Summer 2009

Genetic Advances — Unique Care at Pathway Clinic

When a teen arrived at UCSF Benioff Children's Hospital with a diagnosis of Noonan syndrome, medical geneticist Katherine Rauen, M.D., Ph.D., and genetic counselor Michelle Strecker recognized that something didn't add up.

"She had severe and chronic gastrointestinal problems, which is not typical of Noonan," says Strecker, who manages the hospital's NF/Ras Pathway Clinic. "The sparse eyebrows and early feeding difficulties were a better fit for CFC (cardiofaciocutaneous) syndrome — and we found a mutation in the BRAF gene, which is associated with CFC."

The finding opened the way for more aggressive GI treatment, and demonstrates the advantages of a pathway-based approach to this group of genetic syndromes.

Unifying Diagnoses Lead to More Effective Treatments

Rauen's brainchild, the NF/Ras Pathway Clinic, operates on this belief: if genetic pathway dysregulation is responsible for syndromes that predict a wide range of debilitating conditions, then a pathway-based clinic should offer more effective treatment as well as unique translational research opportunities.

A leading expert on the clinical implications of mutations along the Ras/mitogen-activated protein kinase (MAPK) pathway, Rauen has seen firsthand the role these mutations play in one of the most common groups of inherited genetic syndromes.

The group includes neurofibromatosis (NF), Noonan, CFC, LEOPARD, Costello and other genetic syndromes. Clinical conditions associated with these syndromes run from cancer and cardiac abnormalities to hydrocephalus, headaches, epilepsy and learning and processing disorders.

"Because of multisystem involvement and resulting specialty care needs, providing comprehensive care for these individuals is a challenge," says Rauen.

To meet that challenge, the NF/Ras Pathway Clinic offers comprehensive case management, prenatal and obstetric care, and multidisciplinary referrals to a network of more than 50 specialists. And because these syndromes are lifetime afflictions, the center also facilitates the transition from pediatric to adult care.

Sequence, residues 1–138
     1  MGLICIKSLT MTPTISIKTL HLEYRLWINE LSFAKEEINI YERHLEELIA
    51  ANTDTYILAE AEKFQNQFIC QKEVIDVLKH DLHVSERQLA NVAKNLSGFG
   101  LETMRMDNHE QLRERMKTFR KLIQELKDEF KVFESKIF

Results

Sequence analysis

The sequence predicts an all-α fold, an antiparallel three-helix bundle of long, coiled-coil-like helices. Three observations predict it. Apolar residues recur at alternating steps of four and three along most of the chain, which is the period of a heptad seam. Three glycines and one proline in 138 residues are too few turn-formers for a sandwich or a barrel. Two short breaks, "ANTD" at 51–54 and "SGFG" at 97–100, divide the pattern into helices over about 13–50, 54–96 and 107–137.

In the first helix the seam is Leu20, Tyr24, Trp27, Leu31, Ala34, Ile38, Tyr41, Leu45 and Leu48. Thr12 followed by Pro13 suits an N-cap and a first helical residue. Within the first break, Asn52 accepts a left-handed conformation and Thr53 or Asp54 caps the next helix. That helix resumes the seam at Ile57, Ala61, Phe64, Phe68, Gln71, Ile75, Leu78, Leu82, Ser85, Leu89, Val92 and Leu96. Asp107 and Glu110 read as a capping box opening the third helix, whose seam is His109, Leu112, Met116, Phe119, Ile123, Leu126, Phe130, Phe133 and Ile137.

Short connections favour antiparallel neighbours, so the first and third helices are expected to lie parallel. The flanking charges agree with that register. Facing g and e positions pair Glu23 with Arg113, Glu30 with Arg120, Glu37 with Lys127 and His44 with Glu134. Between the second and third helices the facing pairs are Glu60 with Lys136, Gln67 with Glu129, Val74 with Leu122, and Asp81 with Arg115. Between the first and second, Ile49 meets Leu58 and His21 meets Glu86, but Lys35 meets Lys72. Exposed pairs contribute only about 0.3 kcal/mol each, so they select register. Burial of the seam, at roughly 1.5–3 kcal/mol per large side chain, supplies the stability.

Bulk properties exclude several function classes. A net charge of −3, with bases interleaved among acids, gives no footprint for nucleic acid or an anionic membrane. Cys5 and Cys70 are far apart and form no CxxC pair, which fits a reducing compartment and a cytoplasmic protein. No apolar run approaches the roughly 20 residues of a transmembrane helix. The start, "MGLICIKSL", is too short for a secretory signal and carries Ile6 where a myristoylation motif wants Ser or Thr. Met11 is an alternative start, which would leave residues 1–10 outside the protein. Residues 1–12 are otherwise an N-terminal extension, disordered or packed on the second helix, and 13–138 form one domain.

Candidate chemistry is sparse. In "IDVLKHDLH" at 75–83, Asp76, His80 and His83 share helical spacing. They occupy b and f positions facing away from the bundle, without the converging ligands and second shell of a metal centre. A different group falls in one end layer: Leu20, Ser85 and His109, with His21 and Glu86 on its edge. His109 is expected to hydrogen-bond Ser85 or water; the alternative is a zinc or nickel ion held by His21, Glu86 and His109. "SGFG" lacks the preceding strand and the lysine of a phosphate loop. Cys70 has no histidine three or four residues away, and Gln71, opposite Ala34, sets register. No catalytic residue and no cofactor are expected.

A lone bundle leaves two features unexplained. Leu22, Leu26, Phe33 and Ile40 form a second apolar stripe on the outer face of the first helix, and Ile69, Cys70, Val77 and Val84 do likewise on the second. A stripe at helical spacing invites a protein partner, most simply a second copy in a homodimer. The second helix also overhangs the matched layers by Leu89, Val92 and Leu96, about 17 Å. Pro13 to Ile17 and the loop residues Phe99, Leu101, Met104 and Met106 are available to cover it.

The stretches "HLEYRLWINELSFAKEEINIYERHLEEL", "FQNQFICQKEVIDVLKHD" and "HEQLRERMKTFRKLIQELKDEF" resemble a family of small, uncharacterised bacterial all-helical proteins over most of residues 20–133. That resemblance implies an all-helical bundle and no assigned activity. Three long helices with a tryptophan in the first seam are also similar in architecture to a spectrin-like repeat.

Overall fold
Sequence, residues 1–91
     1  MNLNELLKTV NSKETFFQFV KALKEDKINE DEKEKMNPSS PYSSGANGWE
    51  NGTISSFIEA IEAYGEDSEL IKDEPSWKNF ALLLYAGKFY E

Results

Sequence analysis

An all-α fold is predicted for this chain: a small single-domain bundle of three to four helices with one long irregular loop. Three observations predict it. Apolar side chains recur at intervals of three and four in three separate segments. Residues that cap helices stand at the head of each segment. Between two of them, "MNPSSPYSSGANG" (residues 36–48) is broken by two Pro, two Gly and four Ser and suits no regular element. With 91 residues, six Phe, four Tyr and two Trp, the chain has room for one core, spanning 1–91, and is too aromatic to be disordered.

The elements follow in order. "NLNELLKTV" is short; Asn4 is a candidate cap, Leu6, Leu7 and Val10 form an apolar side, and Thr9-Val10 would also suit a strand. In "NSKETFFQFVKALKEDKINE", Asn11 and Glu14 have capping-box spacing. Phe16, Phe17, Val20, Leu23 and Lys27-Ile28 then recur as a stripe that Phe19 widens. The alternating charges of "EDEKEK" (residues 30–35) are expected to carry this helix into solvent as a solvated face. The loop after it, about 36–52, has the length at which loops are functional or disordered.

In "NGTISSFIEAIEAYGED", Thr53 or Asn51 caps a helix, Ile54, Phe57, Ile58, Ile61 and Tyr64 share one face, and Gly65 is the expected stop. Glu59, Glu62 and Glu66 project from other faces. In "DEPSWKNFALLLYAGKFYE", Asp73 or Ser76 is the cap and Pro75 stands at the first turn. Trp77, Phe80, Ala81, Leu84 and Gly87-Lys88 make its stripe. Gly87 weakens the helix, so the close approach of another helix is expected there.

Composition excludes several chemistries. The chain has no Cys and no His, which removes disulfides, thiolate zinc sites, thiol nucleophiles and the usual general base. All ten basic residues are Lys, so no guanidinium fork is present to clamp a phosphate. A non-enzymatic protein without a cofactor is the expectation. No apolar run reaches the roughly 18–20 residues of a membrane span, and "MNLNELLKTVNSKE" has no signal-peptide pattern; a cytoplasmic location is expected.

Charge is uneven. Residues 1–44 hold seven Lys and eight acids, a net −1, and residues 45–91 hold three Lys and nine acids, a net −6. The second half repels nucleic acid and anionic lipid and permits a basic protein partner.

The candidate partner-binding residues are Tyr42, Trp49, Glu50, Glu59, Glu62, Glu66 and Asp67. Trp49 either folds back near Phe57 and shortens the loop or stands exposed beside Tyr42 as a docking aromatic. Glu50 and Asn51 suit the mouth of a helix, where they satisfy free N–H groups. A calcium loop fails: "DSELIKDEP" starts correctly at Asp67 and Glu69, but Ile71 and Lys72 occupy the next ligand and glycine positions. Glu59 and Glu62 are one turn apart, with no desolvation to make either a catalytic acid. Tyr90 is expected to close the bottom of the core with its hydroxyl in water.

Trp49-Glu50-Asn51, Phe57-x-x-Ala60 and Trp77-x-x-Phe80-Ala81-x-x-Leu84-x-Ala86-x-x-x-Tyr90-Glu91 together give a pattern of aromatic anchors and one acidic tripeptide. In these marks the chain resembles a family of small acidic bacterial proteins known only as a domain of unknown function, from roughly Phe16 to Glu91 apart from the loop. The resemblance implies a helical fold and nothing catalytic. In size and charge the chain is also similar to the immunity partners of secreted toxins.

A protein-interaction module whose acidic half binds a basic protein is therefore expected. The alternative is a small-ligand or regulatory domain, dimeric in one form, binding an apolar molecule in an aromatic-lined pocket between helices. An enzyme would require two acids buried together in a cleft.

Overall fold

Caring for the Whole Patient

After a phone intake that includes a complete medical history and family tree, a patient's first visit is with a medical geneticist and genetic counselor, who review the history and conduct a thorough physical exam.

"We look for phenotypic markers that form a recognizable pattern of dysmorphology," says Rauen. "A skin manifestation, for example, can help tie the clinical diagnosis down." A molecular diagnosis, which requires patient consent, can confirm the clinical diagnosis, help family members understand the overall impact on the family and help them make decisions.

The next step is to tap into the clinic's extensive network of subspecialists. "If it's Noonan, for example, we know they may be more prone to hypothyroidism, so we begin a workup and call in endocrinology," says Rauen. "The advantage is a unifying diagnosis that helps providers know what to be mindful of and facilitates more personalized medicine."

"Throughout the process, we work with the family and their primary care provider to create a joint set of goals that can include nonclinical issues," says Strecker. "We care for the whole person — and, many times, the entire family — and make sure there are no gaps in care."

Clinical Indicators for an NF/Ras Pathway Referral

NF1

  • Skin spots (café au lait macules, armpit and groin freckling)
  • Neurofibromas
  • Developmental delay and learning disabilities
  • Short stature or macrocephaly

NF2

  • Bilateral vestibular schwannomas (tinnitus, hearing loss and balance dysfunction)
  • Schwannomas of other cranial and peripheral nerves
  • Meningiomas

Noonan and LEOPARD syndromes

  • Dysmorphic features
  • Skin spots (lentigenes, café noir spots)
  • Short stature
  • Pulmonary valve stenosis or other heart defect

Cardiofaciocutaneous syndrome

  • Dysmorphic features
  • Heart defects
  • Skin rashes and sparse hair
  • Developmental delay
  • Severe GI problems and failure to thrive

Costello syndrome

  • Coarse facial features
  • Heart defects
  • Failure to thrive
  • Developmental delay
  • Deep palmar and plantar creases

For more information, contact Katherine Rauen, M.D. at (415) 514–3513, Michelle Strecker at (415) 476–9321 or the NF/Ras Pathway Clinic at (415) 476–2757.

A Syndrome Symposium

Six patient advocacy groups will join clinicians and researchers for a two-day research symposium, titled "Genetic Syndromes of the Ras/MAPK Pathway: From Bedside to Bench and Back," on August 1 and 2, at the Doubletree Hotel in Berkeley, Calif. Katherine Rauen, M.D., Ph.D., and Lisa Schoyer of the Costello Syndrome Family Network will chair this forum on basic science and clinical issues surrounding these syndromes.

Related Information

News Releases

Acid Reflux Linked to Poor
Dental Health

At this year's Pediatric Academic Societies meeting, UCSF researchers reported on the first study to examine the relationship between acid reflux and pediatric dental health. They found that children who have symptoms of chronic acid reflux are significantly more likely to have dental erosions than those without reflux symptoms.

Most Teens Don't Get
Preventive Care

The majority of adolescents in the United States do not obtain the appropriate level of preventive health care services, despite broad professional consensus recommending annual doctor visits for this age group, according to a UCSF study.